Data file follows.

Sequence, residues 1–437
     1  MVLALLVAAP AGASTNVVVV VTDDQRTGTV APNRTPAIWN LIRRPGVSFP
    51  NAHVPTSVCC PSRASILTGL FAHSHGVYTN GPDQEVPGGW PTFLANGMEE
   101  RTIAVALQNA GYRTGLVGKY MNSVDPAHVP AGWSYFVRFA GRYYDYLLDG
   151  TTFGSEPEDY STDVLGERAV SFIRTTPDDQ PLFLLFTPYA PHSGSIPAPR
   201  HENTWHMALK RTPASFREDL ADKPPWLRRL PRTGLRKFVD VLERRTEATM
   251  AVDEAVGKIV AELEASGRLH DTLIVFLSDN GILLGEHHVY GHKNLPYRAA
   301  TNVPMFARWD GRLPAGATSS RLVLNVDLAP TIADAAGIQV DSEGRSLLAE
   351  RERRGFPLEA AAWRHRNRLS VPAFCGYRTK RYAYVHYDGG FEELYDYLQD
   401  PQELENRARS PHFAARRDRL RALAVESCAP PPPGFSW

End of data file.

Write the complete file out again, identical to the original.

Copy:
Sequence, residues 1–437
     1  MVLALLVAAP AGASTNVVVV VTDDQRTGTV APNRTPAIWN LIRRPGVSFP
    51  NAHVPTSVCC PSRASILTGL FAHSHGVYTN GPDQEVPGGW PTFLANGMEE
   101  RTIAVALQNA GYRTGLVGKY MNSVDPAHVP AGWSYFVRFA GRYYDYLLDG
   151  TTFGSEPEDY STDVLGERAV SFIRTTPDDQ PLFLLFTPYA PHSGSIPAPR
   201  HENTWHMALK RTPASFREDL ADKPPWLRRL PRTGLRKFVD VLERRTEATM
   251  AVDEAVGKIV AELEASGRLH DTLIVFLSDN GILLGEHHVY GHKNLPYRAA
   301  TNVPMFARWD GRLPAGATSS RLVLNVDLAP TIADAAGIQV DSEGRSLLAE
   351  RERRGFPLEA AAWRHRNRLS VPAFCGYRTK RYAYVHYDGG FEELYDYLQD
   401  PQELENRARS PHFAARRDRL RALAVESCAP PPPGFSW